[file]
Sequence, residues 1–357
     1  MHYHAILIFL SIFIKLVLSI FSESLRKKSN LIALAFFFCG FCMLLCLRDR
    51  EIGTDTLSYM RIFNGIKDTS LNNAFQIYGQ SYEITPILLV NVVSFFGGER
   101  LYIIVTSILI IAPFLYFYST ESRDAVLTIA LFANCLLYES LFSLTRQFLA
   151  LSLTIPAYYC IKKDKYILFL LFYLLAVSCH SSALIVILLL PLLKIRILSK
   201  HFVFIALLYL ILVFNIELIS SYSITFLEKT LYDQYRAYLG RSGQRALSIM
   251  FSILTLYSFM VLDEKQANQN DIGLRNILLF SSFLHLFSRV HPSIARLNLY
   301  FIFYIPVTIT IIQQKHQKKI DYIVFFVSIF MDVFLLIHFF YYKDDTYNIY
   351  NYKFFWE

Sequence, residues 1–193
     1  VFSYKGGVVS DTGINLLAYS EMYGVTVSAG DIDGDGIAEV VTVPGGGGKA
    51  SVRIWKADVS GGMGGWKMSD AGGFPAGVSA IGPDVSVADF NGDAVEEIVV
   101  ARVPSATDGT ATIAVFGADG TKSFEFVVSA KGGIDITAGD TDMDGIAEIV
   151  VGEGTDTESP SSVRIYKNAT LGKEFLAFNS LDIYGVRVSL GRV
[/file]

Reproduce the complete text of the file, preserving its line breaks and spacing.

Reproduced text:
Sequence, residues 1–357
     1  MHYHAILIFL SIFIKLVLSI FSESLRKKSN LIALAFFFCG FCMLLCLRDR
    51  EIGTDTLSYM RIFNGIKDTS LNNAFQIYGQ SYEITPILLV NVVSFFGGER
   101  LYIIVTSILI IAPFLYFYST ESRDAVLTIA LFANCLLYES LFSLTRQFLA
   151  LSLTIPAYYC IKKDKYILFL LFYLLAVSCH SSALIVILLL PLLKIRILSK
   201  HFVFIALLYL ILVFNIELIS SYSITFLEKT LYDQYRAYLG RSGQRALSIM
   251  FSILTLYSFM VLDEKQANQN DIGLRNILLF SSFLHLFSRV HPSIARLNLY
   301  FIFYIPVTIT IIQQKHQKKI DYIVFFVSIF MDVFLLIHFF YYKDDTYNIY
   351  NYKFFWE

Sequence, residues 1–193
     1  VFSYKGGVVS DTGINLLAYS EMYGVTVSAG DIDGDGIAEV VTVPGGGGKA
    51  SVRIWKADVS GGMGGWKMSD AGGFPAGVSA IGPDVSVADF NGDAVEEIVV
   101  ARVPSATDGT ATIAVFGADG TKSFEFVVSA KGGIDITAGD TDMDGIAEIV
   151  VGEGTDTESP SSVRIYKNAT LGKEFLAFNS LDIYGVRVSL GRV